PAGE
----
How the Health Care Law May Impact Tax Returns
January 20, 2017

The requirements of the health care law will need to be taken into account on 2016 tax returns. Below is an overview of those requirements and their impact on Form 1040 series.

U.S. citizens or non-U.S. citizens living in the United States:

  • Must have qualifying health coverage, qualify for a health coverage exemptions or make a payment when filing their income tax return.
  • Who had coverage or an employer offered coverage in the previous year should receive one or more of the following forms: Form 1095-A, Health Insurance Market Statement; Form 1095-B, Health Coverage; and/or Form 1095-C, Employer-provided Health Insurance Offer and Coverage. This information will be required to complete tax returns.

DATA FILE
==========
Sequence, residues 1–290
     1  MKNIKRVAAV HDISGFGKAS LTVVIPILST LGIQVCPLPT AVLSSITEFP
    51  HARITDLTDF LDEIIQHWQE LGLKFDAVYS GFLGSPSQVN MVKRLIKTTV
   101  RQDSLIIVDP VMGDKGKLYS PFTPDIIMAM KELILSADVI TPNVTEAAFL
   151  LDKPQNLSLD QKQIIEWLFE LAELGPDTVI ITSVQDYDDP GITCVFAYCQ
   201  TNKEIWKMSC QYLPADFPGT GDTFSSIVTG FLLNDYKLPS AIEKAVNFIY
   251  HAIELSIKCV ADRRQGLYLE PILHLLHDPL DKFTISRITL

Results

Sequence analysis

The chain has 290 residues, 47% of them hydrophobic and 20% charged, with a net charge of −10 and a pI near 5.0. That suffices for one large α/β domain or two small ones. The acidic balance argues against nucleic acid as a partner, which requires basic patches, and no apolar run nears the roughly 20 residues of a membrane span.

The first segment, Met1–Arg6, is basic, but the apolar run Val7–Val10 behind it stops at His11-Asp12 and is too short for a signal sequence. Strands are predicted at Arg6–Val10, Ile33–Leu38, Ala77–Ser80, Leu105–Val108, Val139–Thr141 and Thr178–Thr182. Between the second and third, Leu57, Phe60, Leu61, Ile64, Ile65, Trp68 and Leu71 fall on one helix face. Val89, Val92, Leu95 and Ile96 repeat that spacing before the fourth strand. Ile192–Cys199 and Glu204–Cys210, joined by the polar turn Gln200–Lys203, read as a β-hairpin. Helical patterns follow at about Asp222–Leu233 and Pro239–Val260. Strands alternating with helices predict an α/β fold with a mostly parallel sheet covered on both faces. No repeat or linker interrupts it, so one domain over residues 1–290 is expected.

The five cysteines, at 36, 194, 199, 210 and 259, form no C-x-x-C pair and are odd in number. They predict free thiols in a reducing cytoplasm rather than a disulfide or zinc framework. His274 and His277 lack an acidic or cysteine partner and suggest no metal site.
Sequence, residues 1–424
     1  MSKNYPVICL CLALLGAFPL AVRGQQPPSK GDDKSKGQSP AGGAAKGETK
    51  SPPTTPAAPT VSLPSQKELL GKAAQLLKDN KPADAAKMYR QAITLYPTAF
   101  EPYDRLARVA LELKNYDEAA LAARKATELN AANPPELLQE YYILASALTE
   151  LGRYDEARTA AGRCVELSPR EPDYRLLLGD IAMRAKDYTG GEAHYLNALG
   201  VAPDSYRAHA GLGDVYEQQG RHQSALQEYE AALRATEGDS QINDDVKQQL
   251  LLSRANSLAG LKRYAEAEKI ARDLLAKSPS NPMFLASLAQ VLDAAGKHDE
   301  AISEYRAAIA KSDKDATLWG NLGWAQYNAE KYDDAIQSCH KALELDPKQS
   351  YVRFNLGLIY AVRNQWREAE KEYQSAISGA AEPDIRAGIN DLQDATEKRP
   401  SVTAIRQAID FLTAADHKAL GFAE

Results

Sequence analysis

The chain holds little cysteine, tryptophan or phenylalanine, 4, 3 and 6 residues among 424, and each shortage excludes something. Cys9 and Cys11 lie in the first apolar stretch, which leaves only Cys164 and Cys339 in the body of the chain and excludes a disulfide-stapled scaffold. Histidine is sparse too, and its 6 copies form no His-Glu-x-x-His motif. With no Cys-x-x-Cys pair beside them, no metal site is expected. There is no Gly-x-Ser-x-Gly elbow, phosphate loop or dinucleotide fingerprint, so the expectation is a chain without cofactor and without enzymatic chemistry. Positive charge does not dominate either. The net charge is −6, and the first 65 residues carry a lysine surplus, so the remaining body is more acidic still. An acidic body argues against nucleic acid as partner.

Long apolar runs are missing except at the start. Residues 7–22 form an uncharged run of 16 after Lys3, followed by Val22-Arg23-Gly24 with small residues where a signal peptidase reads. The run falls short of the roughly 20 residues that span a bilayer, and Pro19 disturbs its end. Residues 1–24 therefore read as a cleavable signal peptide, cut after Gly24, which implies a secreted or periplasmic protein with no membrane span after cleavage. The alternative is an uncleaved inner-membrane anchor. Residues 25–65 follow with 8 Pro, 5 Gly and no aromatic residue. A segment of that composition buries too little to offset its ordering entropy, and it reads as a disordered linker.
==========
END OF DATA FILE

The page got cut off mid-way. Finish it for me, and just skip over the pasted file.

• Who had health coverage through an employers or under a government program – such as Medicare, Medicaid or coverage for veterans – for the entire year, can check the full-year coverage box on Form 1040 and need not do anything further.
  • Who did not have coverage for any month of the year should check the instructions to Form 8965, Health Coverage Exemptions, to see if they are eligible for an exemption.
  • Who were eligible for an exemption from coverage for a month must claim the exemption or report an exemption already obtained from the Marketplace by completing Form 8965, Health Coverage Exemptions, and submitting it with your tax return.
  • Who did not have coverage and were not eligible for an exemption from coverage for any month of the year are responsible for making an individual shared responsibility payment when they file their return. They must report it on their tax return and make the payment with their income taxes.

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